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, 10 (4), 307-14

Perceived Health Problems in Elderly Residents of Jordan


Perceived Health Problems in Elderly Residents of Jordan

R A Mitchell et al. J Cross Cult Gerontol.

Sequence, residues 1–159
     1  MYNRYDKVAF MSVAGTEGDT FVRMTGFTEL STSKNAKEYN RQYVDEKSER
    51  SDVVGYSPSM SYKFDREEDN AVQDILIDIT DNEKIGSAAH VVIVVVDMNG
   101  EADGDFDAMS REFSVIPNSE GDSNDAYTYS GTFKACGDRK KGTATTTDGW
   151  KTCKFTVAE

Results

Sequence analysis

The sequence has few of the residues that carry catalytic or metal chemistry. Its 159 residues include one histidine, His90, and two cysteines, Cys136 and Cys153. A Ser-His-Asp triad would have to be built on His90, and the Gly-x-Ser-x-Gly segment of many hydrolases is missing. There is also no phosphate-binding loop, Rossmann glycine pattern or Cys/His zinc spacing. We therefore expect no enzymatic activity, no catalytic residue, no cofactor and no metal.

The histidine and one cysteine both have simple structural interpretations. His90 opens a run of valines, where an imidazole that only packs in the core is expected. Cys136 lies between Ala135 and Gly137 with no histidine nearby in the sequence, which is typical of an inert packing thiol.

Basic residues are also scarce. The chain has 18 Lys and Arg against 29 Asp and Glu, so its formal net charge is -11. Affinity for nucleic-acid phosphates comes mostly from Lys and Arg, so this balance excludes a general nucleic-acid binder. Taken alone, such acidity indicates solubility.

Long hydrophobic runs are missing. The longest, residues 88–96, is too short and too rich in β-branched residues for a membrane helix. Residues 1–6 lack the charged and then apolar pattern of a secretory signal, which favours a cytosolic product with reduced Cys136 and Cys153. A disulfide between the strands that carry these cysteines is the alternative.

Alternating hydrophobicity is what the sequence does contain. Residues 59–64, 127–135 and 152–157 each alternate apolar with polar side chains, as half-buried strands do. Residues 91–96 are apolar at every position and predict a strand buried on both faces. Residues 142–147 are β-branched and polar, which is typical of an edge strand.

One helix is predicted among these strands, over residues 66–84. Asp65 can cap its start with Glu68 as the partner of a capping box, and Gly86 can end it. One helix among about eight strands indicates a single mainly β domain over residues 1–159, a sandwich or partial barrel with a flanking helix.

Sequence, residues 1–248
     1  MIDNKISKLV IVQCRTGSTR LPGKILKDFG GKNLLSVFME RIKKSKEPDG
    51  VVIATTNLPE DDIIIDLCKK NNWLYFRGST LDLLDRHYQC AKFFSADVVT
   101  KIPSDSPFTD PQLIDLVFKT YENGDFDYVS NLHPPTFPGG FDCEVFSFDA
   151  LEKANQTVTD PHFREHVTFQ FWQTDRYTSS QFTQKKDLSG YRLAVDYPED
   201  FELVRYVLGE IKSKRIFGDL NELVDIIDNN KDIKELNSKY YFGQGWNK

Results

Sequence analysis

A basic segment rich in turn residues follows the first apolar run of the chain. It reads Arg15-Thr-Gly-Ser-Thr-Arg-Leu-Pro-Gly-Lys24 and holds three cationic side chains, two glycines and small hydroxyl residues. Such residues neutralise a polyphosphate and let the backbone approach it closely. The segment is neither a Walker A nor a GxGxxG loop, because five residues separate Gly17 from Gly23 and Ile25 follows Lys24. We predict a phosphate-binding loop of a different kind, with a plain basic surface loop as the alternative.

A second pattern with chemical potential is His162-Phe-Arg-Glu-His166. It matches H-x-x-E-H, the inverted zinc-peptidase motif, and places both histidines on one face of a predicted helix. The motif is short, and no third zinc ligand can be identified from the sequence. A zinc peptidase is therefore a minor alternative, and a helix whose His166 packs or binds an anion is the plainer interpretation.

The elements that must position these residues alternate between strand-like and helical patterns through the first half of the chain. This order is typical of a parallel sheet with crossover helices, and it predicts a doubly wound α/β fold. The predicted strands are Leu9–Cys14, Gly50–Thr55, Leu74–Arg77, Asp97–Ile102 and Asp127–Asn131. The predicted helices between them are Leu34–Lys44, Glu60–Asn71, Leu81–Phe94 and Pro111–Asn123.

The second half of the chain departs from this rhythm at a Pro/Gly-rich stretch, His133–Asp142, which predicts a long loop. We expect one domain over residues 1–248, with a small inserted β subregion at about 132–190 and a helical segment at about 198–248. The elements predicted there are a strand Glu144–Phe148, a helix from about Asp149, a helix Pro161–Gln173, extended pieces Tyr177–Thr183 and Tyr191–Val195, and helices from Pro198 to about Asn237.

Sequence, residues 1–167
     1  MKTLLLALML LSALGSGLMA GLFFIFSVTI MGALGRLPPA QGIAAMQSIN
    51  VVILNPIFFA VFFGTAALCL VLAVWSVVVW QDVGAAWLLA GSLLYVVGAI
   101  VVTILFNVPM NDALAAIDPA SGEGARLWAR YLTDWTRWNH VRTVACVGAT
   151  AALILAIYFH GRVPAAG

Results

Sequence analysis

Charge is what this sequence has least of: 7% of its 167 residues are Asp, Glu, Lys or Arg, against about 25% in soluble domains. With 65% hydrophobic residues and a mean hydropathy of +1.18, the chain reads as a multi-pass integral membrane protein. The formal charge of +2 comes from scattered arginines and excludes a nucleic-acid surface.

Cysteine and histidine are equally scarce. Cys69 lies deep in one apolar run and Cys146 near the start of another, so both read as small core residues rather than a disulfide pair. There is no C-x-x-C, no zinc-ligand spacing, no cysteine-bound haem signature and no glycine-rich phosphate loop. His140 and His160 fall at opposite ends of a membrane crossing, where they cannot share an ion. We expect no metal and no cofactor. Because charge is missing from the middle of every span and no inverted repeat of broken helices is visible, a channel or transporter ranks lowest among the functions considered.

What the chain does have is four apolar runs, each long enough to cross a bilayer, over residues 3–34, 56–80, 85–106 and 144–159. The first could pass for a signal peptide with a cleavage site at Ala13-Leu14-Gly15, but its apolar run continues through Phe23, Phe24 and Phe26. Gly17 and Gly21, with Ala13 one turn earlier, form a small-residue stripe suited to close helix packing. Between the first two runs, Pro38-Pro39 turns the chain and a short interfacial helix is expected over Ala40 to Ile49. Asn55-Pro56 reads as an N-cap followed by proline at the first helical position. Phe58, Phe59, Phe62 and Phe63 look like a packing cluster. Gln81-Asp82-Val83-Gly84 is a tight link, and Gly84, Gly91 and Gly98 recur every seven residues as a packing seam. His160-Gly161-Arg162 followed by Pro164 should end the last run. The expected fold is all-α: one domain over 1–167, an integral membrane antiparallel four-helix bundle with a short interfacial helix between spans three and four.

Jordan is typical of many developing countries in that the improving health services have significantly reduced child and infant mortality. A high fertility rate coupled with this reduction in mortality has increased the numbers of those living to adulthood and into old age. This paper identifies, in broad terms, areas where service delivery might be considered for implementation thereby improving the well-being in the elderly person. 965 residents of Jordan 55 to 95 years of age were sampled from Amman, Irbid and the surrounding suburbs. All subjects were designated, from a medical examination, as having or not having a chronic illness. Student's t-test comparing the Jordan subjects' mean scores on the six dimensions of the NHP with previously reported data suggested that although the instrument was faithfully translated there might exist significant cultural differences. Similarly, differences between males and females suggested a possible gender bias in the interpretation of the items. All chronically ill subject groupings had higher (poorer) mean scores on all dimensions. Healthy elderly males and females have a better perceived well-being than their chronically ill counterparts.

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